Priests tithe, too25Then the LORD talked with Moses: 26Tell the Levites they have to tithe, too. Tell them that when they get tithe from the Israelites, they have to tithe on their income like everyone else. They tithe on the tithe. 27The LORD will treat this offering like he treats harvest offerings from other Israelites. 28When you give this offering to the LORD, it will go to Aaron the priest. 29So, make sure the tithe you give is from the best you received. The LORD gets the best you have to offer.
It’s no sin for priests to eat the tithe30The LORD also told the Levites:
When you give the best of the best in your tithing, the LORD will treat it as though it’s coming from your own harvest fields, threshing floors, and winepresses. 31After your tithe, the rest of the food you received from Israelites is yours to eat and share with your households. It’s your salary for your service at the Meeting Tent. 32There’s nothing wrong with eating this food if you give the LORD the best of it when you bring him your tithe. And make sure you don’t treat the gifts Israelites bring as though they are common and not holy. That could be a fatal mistake.
The Sacred Room was the main sanctuary inside the tent worship center. Aaron’s sons were allowed to go in this room. But the Most Sacred Room was off limits to everyone but Aaron and Moses. That’s where God met with Moses to give him instructions. This holiest place on earth to Israelite ancestors of the Jewish people is where they kept the gold-plated box that held the two stones containing the Ten Commandments. The box is best known as the Ark of the Covenant. A curtain separated this room from the main room in the tent worship center sometimes known as the Tabernacle and sometimes as the Meeting Tent.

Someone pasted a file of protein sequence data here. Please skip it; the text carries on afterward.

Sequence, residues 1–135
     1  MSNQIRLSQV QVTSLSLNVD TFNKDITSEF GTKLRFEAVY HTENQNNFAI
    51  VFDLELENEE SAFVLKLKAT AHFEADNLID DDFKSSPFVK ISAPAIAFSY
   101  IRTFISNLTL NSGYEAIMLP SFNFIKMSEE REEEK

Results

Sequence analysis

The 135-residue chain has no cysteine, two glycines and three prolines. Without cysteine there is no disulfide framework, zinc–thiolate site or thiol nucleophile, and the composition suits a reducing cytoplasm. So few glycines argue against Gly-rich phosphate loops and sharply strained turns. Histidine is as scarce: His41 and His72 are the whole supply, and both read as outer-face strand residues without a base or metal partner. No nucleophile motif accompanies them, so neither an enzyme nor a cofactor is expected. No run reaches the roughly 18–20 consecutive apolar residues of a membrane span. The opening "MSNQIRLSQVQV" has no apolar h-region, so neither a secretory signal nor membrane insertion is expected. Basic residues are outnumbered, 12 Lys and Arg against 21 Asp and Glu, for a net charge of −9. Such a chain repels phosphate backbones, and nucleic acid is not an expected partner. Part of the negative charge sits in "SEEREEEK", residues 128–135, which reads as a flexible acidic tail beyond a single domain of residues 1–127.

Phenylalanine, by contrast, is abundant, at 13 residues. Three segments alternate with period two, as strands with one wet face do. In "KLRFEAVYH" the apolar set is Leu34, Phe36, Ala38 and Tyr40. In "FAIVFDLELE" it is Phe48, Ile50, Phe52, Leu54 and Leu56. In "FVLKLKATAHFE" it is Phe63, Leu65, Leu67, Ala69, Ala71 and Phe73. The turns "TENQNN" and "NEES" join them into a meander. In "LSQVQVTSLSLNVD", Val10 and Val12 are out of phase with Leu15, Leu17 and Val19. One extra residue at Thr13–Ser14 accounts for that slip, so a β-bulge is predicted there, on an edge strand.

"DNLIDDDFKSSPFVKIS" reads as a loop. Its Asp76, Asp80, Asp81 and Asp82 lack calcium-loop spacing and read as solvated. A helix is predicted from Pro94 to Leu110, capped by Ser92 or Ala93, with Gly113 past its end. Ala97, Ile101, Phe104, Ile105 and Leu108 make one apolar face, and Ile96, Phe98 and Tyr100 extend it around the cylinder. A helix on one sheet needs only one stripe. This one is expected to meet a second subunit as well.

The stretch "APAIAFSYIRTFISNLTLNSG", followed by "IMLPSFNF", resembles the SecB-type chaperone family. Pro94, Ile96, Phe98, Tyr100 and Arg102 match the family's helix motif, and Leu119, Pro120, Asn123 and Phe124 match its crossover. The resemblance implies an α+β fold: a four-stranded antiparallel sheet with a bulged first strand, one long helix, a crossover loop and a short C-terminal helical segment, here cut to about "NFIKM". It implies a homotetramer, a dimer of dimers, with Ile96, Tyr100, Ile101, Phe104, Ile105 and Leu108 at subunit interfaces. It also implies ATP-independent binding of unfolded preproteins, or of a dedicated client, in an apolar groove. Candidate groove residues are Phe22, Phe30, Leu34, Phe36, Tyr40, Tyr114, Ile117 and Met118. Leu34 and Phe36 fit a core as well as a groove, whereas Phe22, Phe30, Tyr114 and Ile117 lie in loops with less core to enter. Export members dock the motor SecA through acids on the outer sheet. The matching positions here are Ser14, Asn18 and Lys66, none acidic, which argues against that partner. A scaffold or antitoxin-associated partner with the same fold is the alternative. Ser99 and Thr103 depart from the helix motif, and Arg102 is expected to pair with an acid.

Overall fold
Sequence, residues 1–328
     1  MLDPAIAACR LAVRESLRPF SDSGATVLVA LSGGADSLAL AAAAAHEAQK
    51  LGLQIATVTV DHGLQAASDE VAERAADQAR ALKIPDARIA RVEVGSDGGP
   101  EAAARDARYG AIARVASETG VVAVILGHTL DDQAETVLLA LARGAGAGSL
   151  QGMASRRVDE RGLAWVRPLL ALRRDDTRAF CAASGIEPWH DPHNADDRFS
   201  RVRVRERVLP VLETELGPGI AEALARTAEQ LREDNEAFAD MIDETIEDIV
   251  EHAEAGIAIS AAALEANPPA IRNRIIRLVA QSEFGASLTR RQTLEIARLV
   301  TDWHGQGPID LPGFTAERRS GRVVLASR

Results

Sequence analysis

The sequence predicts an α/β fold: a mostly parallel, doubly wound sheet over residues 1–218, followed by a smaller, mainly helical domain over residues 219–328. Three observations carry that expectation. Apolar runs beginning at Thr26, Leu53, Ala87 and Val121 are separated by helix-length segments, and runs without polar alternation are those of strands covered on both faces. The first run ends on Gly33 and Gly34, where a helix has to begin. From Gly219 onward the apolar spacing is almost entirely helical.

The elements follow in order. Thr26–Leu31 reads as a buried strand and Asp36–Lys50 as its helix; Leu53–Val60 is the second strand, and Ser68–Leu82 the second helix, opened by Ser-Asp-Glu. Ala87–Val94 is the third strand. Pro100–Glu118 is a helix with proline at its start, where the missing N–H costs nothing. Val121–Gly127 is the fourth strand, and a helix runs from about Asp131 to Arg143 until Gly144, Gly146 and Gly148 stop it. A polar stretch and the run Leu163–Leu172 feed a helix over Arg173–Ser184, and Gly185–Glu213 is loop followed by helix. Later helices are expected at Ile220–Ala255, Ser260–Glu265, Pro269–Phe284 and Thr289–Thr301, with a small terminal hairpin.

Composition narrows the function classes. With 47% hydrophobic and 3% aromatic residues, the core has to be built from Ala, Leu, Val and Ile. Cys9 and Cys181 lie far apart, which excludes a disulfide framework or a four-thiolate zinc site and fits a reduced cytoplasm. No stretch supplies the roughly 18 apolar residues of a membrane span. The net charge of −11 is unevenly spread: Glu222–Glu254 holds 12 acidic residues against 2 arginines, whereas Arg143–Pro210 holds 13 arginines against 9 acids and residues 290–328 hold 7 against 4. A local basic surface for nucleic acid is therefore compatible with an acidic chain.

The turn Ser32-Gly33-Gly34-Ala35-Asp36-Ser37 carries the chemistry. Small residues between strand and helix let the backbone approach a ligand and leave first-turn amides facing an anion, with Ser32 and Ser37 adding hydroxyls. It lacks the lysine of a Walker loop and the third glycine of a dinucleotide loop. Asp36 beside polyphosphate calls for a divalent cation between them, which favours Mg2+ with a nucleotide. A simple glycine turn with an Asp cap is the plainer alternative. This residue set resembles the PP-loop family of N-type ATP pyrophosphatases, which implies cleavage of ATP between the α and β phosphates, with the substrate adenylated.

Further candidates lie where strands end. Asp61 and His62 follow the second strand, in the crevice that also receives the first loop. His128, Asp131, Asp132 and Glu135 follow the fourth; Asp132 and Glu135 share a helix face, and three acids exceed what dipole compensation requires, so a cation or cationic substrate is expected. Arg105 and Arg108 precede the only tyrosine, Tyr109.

One of Jacob’s 12 sons.
Grain offerings were expressions of gratitude for a harvest and for the way God takes care of the Israelites. People offered the grain in several ways: ground to fine flour, presented as baked, fried, cooked in a pot, or roasted with olive oil. For more about grain offerings see Leviticus 2:1-3; 6:14-18
A sin offering can refer to something the people of Israel brought to God after they realized they had accidentally broken one of God’s laws earlier. Some scholars say a better translation is the opposite of “sin” because the sacrifice is intended to “un-sin” people, to purify them. So those scholars call it a “purification offering.”
In older lingo, the guilt offering was called the trespass offering, as in, “Forgive us our trespasses” or sins. In fact, scholars can’t seem to figure out what the difference is between a “sin offering” and a “guilt offering.” One guess is that guilt offerings are more serious and often involve making restitution. Leviticus 5:14-7:7 talks about when a person needs to make a guilt offering. Leviticus 7:1-10 talks about how to make the sacrifice.
This sacrificial offering goes by various names: fellowship offering, elevation offering, symbolic offering, special offering, and wave offering. The Hebrew word can mean to wave, lift, or blow. In Exodus 29, this sacrifice represented the culmination of an ordination service authorizing priests for ministry. It was the final act, which some scholars say was mainly an expression of gratitude to God for allowing these men to be assigned to lead the worship rituals for the people of Israel.
Israelites become ritually unclean, for example, if they touch a corpse. To become clean, they have to go through cleaning rituals, which included washing themselves and waiting for a time, often just until sundown. A woman in her monthly period was considered unclean as long as she was bleeding. For more, see Leviticus 15.
These animals would include camels and donkeys. See Leviticus for more information.
Literally “five shekels.” The five shekels is roughly a couple of ounces or about 50 grams. That’s about the weight of 10 quarters or six euros. One silver shekel was worth about a month’s wage for the average working man, according to some scholars. Shekels came in different weights. It’s unclear how much these shekels weighed. There was a heavy shekel that weighed about 11.5 grams or .4 ounces. This was sometimes called the King’s Shekel or the Royal Shekel. Some scholars say this was also the weight used in the Israelite worship center and later in the Jerusalem Temple. The lighter shekel weighed about 9.5 grams or .33 ounces. Some scholars say this was probably the shekel accepted at the worship center. So, we get to take our pick until someone figures out the precise weight of an Israelite shekel of weight more than 3,000 years ago.
See Leviticus 2:13.